J. C. Bridgewood, St. John's Church, 1836.

Recent links of note:

“Moral Minority”
Patrick J. Deneen, First Things
In a feature for the current issue of First Things, the political scientist Patrick J. Deneen uses two landmark court cases to bookend the decades-long shift of fortunes for conservative Christians. “Unlike Roe, which was decided while public opinion was divided . . . Obergefell was decided with the backdrop of consistently growing popular support for marriage between homosexuals, with particular enthusiasm among a younger generation that will inherit the nation.” Having thus set the scene, Deneen goes on to review three recent books by Christian traditionalists, each of which suggests a different approach to sustaining life in the shadow of an antagonistic mainstream culture. The trio of treatises—from Rod Dreher, Anthony Esolen, and the Catholic Archbishop Charles Chaput—balance their grim descriptions of how the traditional culture has diminished with some frank but hopeful thinking about what a long rebuilding project might look like.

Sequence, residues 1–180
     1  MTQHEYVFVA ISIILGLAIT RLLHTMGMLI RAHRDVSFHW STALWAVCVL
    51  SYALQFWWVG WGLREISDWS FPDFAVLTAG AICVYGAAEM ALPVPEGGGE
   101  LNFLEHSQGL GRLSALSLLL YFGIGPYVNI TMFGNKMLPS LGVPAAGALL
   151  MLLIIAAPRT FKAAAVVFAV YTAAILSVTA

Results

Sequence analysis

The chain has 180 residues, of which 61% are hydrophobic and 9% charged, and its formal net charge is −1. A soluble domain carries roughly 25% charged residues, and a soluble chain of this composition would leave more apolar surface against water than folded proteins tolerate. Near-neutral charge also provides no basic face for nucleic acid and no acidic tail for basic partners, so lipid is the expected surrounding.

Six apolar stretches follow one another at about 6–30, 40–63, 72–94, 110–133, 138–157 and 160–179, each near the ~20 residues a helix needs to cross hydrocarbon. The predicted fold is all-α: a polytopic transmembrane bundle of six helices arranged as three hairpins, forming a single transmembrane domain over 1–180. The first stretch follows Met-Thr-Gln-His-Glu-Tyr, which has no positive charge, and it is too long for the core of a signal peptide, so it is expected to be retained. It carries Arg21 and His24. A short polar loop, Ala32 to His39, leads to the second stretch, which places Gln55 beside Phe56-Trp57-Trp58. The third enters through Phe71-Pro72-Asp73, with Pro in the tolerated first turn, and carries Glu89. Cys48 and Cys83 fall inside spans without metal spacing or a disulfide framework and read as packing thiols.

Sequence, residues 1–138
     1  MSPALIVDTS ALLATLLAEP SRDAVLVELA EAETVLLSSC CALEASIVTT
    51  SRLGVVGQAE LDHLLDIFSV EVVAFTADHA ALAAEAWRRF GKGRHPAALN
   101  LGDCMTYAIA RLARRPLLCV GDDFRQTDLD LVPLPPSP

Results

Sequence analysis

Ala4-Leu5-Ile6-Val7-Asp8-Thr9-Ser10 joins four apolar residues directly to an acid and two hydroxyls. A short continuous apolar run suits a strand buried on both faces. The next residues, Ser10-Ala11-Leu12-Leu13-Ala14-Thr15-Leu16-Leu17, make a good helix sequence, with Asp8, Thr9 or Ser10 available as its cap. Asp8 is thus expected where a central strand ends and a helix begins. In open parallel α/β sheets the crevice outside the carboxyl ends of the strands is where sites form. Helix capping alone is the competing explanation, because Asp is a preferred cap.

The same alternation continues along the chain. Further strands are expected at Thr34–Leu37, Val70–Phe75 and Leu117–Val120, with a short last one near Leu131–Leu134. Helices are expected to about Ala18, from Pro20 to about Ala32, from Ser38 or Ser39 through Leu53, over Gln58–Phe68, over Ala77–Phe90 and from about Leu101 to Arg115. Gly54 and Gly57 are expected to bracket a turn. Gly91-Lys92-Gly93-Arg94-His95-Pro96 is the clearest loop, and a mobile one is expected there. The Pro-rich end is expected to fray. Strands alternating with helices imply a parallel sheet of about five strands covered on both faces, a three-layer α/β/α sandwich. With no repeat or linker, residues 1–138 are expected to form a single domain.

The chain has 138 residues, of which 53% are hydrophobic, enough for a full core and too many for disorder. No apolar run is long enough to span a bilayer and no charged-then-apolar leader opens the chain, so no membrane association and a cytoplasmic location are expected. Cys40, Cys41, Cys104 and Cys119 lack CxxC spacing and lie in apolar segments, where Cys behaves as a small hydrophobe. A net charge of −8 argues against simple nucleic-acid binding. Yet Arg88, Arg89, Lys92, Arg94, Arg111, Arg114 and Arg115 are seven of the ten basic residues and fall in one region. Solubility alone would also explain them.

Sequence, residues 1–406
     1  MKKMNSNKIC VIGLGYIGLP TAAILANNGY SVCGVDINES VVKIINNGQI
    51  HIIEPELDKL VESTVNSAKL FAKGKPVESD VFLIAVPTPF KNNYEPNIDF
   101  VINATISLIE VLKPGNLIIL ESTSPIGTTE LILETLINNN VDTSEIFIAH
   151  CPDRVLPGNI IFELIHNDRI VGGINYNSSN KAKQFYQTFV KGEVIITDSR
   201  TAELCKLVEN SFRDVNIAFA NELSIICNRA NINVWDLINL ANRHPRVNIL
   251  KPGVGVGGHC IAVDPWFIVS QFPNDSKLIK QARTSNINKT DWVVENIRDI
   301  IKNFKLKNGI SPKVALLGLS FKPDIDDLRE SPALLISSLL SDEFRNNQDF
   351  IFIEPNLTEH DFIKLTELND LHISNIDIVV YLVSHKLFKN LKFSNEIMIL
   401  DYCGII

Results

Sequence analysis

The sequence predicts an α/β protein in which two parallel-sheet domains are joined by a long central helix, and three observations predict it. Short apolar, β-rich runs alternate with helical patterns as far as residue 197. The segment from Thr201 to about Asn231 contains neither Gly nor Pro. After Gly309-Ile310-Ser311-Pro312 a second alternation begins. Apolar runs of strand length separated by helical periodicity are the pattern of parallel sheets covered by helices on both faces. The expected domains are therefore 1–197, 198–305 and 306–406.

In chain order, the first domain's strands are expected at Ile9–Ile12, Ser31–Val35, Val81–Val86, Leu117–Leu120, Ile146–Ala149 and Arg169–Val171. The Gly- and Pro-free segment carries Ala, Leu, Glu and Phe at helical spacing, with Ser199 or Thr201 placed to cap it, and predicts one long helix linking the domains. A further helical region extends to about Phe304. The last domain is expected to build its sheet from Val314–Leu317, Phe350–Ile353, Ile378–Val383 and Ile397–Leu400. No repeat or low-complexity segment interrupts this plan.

“The Exhaustion of American Liberalism”
Shelby Steele, The Wall Street Journal
Lest conservatives imagine that theirs is the only movement in a state of disarray, Shelby Steele of the Hoover Institution has authored an essay that describes the collapse of political progressivism in the nascent Trump era. Unlike the challenges that have stymied conservative values, such as hostility from academia and the media, the problem that Steele believes is plaguing progressivism is largely self-inflicted: shallow, identity-based moralism that alienates “Everyday Americans.”. Reading Steele’s assessment, one wonders whether the shrinking relevance of organized progressivism might leave just enough room for the resurgence that cultural conservatives have only dreamed of so far.

From our pages:

“From St. Petersburg (not Florida) with love”
Jay Nordlinger
On the St. Petersburg Philharmonic at Carnegie Hall.